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Cloud computing is key to the Fourth Industrial Revolution.

Getty Images/iStockphoto

The series: We look at decision makers among Canada's mid-sized companies who took successful action in a competitive global digital economy.

For Jarrod Levitan and his team at TriNimbus Technologies Inc., the biggest decision was a matter of timing.

"I recognized in 2008 that the cloud and cloud computing were going to be the future," says Mr. Levitan, who is co-founder and, appropriate for his business, chief cloud officer at TriNimbus.

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Back then, though, it was too early to start a company based on cloud computing. "There simply weren't all the different services and technologies that are available today via the cloud," Mr. Levitan explains.

Making the right decision at the right time is a challenge for all businesses, but especially so now, as the world continues its way through the Fourth Industrial Revolution – all the transformative changes that come from digital technology, the Internet of Things and the cloud.

Mr. Levitan and his partners waited patiently until 2013, when they founded TriNimbus, which is headquartered in Vancouver and maintains offices in Toronto and in Skopje, the capital of Macedonia.

The next big decision for the partners was a strategic one – zeroing in on a particular niche within the cloud-computing sector and working exclusively with clients seeking to establish a business presence on Amazon Web Services (AWS), a subsidiary of U.S. tech giant and online retailer Inc.

"We enable companies to work in the cloud," Mr. Levitan explains. "We work with all sorts of technology companies, public- and private-sector small and medium enterprises, and we help them take advantage of the AWS platform. Our own positioning when we started was to seek to become the No. 1 company in Canada that provides this service."

Today, thanks in part to that early decision about timing, TriNimbus has just been named one of Canada's top startup companies on the STARTUP 50 index published online by Canadian Business magazine. Over the past two years, TriNimbus's revenues have grown by 399 per cent.

"We have nearly 70 people on staff," Mr. Levitan says. "By the end of 2018, it could be 200."

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TriNimbus's timing appears to be prescient, given how research shows that Canadian companies have been lagging in adapting to the ongoing Fourth Industrial Revolution and the technological changes it is bringing to business.

A global survey of 16 countries, released less than a year ago by Dell Technologies, found that Canadian businesses ranked near the bottom in terms of attitudes to digital transformation. About 4,000 business leaders in 12 industries were polled for the survey, which was conducted by Vanson Bourne, an independent market research company in Britain. According to the report, as recently as mid-2016, only 35 per cent of Canadians polled said they had experienced significant disruption in their industries over the previous three years.

This finding was less than the global number of 52 per cent. Only 48 per cent of Canadian businesses last year noticed new competitors in their markets, compared with 62 per cent of international respondents.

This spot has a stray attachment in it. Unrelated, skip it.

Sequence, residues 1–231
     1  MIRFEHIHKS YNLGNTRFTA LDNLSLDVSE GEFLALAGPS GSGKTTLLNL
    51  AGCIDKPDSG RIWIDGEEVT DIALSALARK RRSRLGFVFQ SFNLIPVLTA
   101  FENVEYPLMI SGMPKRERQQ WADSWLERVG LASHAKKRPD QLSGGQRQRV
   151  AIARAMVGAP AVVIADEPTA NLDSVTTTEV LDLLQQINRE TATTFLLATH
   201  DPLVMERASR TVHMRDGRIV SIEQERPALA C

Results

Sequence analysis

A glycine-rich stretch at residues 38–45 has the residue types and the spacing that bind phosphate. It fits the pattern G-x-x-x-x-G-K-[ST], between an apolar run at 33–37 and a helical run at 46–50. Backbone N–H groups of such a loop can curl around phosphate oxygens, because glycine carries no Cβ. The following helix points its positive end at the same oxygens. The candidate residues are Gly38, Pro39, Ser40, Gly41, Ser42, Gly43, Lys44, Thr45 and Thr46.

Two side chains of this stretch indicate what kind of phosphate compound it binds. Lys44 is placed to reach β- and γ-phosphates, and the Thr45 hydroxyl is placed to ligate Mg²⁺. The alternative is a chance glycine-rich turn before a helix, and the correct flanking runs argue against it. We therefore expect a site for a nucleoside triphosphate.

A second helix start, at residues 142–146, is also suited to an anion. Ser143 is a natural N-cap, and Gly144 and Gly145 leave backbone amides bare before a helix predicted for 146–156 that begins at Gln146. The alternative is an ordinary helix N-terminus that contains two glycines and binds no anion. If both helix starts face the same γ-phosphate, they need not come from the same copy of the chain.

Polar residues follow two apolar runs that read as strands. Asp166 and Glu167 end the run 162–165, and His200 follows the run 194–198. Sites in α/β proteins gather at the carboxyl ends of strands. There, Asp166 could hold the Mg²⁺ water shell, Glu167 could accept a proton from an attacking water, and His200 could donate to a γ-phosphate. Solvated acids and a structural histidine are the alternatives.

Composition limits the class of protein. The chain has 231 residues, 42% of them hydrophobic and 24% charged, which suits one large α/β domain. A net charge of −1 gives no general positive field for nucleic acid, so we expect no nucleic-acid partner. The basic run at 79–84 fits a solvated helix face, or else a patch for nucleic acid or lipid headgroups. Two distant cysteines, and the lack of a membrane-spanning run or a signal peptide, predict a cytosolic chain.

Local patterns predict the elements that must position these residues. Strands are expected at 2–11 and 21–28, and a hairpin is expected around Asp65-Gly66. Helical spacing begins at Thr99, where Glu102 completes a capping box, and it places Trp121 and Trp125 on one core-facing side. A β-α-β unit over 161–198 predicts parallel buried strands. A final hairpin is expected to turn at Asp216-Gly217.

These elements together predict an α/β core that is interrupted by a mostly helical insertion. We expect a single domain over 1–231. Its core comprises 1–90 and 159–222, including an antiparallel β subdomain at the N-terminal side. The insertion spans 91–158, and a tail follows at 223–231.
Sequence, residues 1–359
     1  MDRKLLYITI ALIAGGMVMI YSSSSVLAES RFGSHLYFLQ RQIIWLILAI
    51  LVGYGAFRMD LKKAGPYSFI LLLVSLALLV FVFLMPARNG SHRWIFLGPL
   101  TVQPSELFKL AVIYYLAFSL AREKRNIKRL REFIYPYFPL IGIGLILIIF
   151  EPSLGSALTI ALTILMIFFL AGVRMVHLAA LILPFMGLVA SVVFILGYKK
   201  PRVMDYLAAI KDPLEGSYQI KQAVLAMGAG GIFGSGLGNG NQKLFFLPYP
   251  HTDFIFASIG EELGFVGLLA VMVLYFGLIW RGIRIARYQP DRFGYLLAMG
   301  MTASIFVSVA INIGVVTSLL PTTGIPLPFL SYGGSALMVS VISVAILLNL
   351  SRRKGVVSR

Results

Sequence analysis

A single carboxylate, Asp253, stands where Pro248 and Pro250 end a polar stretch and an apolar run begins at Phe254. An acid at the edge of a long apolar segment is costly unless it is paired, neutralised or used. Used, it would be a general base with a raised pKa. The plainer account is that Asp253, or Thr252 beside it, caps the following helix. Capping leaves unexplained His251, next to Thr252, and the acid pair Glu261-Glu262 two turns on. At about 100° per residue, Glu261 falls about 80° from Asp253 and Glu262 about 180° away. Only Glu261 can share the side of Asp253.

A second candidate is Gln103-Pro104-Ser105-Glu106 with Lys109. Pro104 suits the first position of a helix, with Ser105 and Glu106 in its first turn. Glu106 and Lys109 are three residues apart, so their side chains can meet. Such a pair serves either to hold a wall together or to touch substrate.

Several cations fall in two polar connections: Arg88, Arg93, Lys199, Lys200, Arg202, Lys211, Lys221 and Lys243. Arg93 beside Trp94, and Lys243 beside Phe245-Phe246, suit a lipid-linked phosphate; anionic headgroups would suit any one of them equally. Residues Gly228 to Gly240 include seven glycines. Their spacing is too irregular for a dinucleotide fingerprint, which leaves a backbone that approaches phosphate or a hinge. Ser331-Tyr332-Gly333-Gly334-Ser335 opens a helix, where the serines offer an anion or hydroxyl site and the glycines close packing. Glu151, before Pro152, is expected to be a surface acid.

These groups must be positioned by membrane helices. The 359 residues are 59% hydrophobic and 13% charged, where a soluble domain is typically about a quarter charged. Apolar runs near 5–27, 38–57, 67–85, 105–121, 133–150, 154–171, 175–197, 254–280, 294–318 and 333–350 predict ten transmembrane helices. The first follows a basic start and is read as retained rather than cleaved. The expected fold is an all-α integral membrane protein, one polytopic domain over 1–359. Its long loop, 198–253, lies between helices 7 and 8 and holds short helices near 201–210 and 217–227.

These perceptions by Canadian businesses appear to be at odds with anecdotal evidence that disruption is happening fast across many sectors in the Fourth Industrial Revolution – for example, in the taxi industry, in travel and in financial technology (fintech).

Mr. Levitan and his partners combined the anecdotal evidence of change with market research to determine that TriNimbus should focus narrowly, helping customers with one aspect of their efforts to move to the cloud – through AWS.

AWS, which has a branch in Canada, lets subscribers, including companies, use its cloud facilities for computing, file storage, databases, analytics, networking, app development and Internet of Things services. TriNimbus recognized that companies and organizations might need professional assistance using AWS.

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"For example, every time you come through some airports into Canada and use those automated customs kiosks, we put the whole back end of that system onto AWS to make it work," Mr. Levitan says. "It's in 30 airports across North America."

TriNimbus's value proposition is a distinctively Fourth Industrial Revolution one in that it's a service that works with intangible concepts to help connect clients to their own customers and users. That's quite different from the first revolution, which used steam and hydraulic power; and the second, which came with the advent of electricity; and even the third, which was based on mass communication to connect faraway people and places to expand trade.

What is TriNimbus's advice for other aspiring entrepreneurs who need to make decisions in this era of the Fourth Industrial Revolution? Pay attention to timing, of course, but also, perhaps surprisingly, don't be afraid to make the wrong decision.

It is a view that echoes the "fail-forward" philosophy now espoused by many leading educators – the idea that getting something wrong is not a mistake but, rather, a step that can point to the right decision.

“You have to embrace failure,” Mr. Levitan says. “Many organizations see this as a bad thing, but you have to try different things and hire people who are willing to try.”

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